|ARDF80v6 receiver designed by Harald Gosch, OE6GC. This is a single super-heterodyne receiver based on a TCA440 using 455KHz as IF. Since the TOKO IF filters are only 3KHz wide (-3dB) it works wel even on LSB. However the correct BFO frequency must be found empirical by varying C44 (270p in my case). The sense antenne is hidden within the main antenna, and made as semi circle of copperfoil. Because i wanted it to be light i decided to make a tightfitting housing from doublesided PCB board. It is also made as a gun design since i always hunt in the direction of the minimum, it can also be operated with one hand. The handle is a camera grip i got from e-Bay for a few euro. For its ruggedness i use a 5-pin DIN connector to connect headphones and it also acts as a on/off switch by a wire bridge between 2 pins (i removed the original powerswitch FET). Tuning range was somewhat limited so i solderd a 1N4001 parallel on top of D1 and D6, this gave me 100KHz range (3500KHz to 3600KHz). Sensitivity is good. however the LM386 produces a lot of white noise, a 4.7uF capacitor over the headphones reduces this considerably.|
|DF1FO, a more sophisticated version then my previous one. It is a double super with 10.7Mhz and 455KHz IF and it is processor controlled including AGC, timers, distance estimation and much more. The software I use is the PA2TIM version who made some additions to the original software. I kept the design of the receiver itself pretty close to what DF1FO suggests. Again my 3D printer was a great help as it lets me design al brackets, standoffs , holders and other stuff exact the right shape and size.|
|K1EL. However i never got arround making a neat case for it. Since i now have a 3D printer i was looking for thing that could be done better. I don't like the texture of housing that are completly printed in 3D so i did not opt for that. I ordered a goodlooking aluminum case from eBay. And used the 3D printer for a bracket so that te switches don't need a hole in the front plate. And also a support bracket for the pushbutton array. I think it has turned out well. The device has two outputs for connecting 2 transveivers and also two PTT outputs for controling prehipial devices.|
|Geeetech Reprap Prusa I3 Pro X 3D witch comes as a kit and was relatively cheap at only 275 euro. The decision was made and i ordered one. The kit came very complete with tools and all. On YouTube there are detailed videos on howto assemble the printer, this was already great fun. i plan to use the printer for printing parts in my other hobby projects.|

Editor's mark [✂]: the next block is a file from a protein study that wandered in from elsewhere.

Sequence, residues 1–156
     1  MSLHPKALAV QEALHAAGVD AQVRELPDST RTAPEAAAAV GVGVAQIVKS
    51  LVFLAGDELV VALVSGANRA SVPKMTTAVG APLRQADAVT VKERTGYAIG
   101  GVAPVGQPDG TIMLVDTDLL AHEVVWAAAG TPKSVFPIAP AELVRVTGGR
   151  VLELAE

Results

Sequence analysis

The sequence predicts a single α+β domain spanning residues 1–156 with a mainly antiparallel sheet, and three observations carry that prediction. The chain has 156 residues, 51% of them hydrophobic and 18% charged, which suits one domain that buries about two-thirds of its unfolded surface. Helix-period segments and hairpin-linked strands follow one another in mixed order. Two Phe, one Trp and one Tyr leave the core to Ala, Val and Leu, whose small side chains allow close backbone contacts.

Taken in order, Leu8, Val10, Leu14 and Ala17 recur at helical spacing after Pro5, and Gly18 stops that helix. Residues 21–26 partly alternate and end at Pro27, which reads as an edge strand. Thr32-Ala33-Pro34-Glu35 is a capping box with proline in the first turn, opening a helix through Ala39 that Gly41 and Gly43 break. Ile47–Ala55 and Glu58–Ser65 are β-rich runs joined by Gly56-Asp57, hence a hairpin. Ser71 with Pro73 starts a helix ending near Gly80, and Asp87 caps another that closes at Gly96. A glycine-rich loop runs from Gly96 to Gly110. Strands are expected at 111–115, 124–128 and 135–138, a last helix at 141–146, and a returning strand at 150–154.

For safety and recommended by Fritz PA0FRI as a minimum modification for the TL-922. I installed a 1 Amp fuse in the high voltage circuit (microwave oven type, obtained for a few euro on eBay) and also added a 10 Ohm 10W glitch resistor in the high voltage circuit, this will protect the amplifier in a case of a short-circuit, random-oscillation or other mischief.
When i bought the amplifier the antenna relay made some bad contact on receive sometimes. So i had to look for a solution. The good news is that the slow and noisy relay can be replaced by two relatively cheap but silent and fast vacuum-relays. Because of this i decided to make a few more mods to the amplifier. Again using the excellent site of Fritz PA0FRI as a guide, the BIAS circuit is converted to solid-state. And the STBY/ON AIR lights are now controlled by a reed-relay. This means that the other slow and noisy (bias) relay was also obsolete. RX/TX switching is now hyper fast and ultra silent.
And finaly a solid-state relay was added to the mains circuit with a 10 Ohm 10W resistor to limit the initial inrush current. After about 100mSec the relay switches to bypass the 10 Ohm resistor.
|PA0FRI who has many, many very intresting items on his site, a site well worth visiting. The capacitors are from eBay and rated at 2Kv (2x 100pF, 2x 82pF, 2x 150pF), the coils are made from 6mm2 tinned ground lead wire. SWR and attenuation is very acceptable trough out the passband, while at 100MHz ~50dB attenuation is achieve|
|EA5070-OWA9 from Wimo. Those are not cheap, but they are well made. It uses the "open sleeve" technique, so only the 6 meter dipole is fed. It is a 4 element Yagi on 50MHz and a 5 element on 70MHz. Here some pictures of how I put it together, A electrical box was placed at the center of the driven dipole to waterproof it and to install a current choke balun.|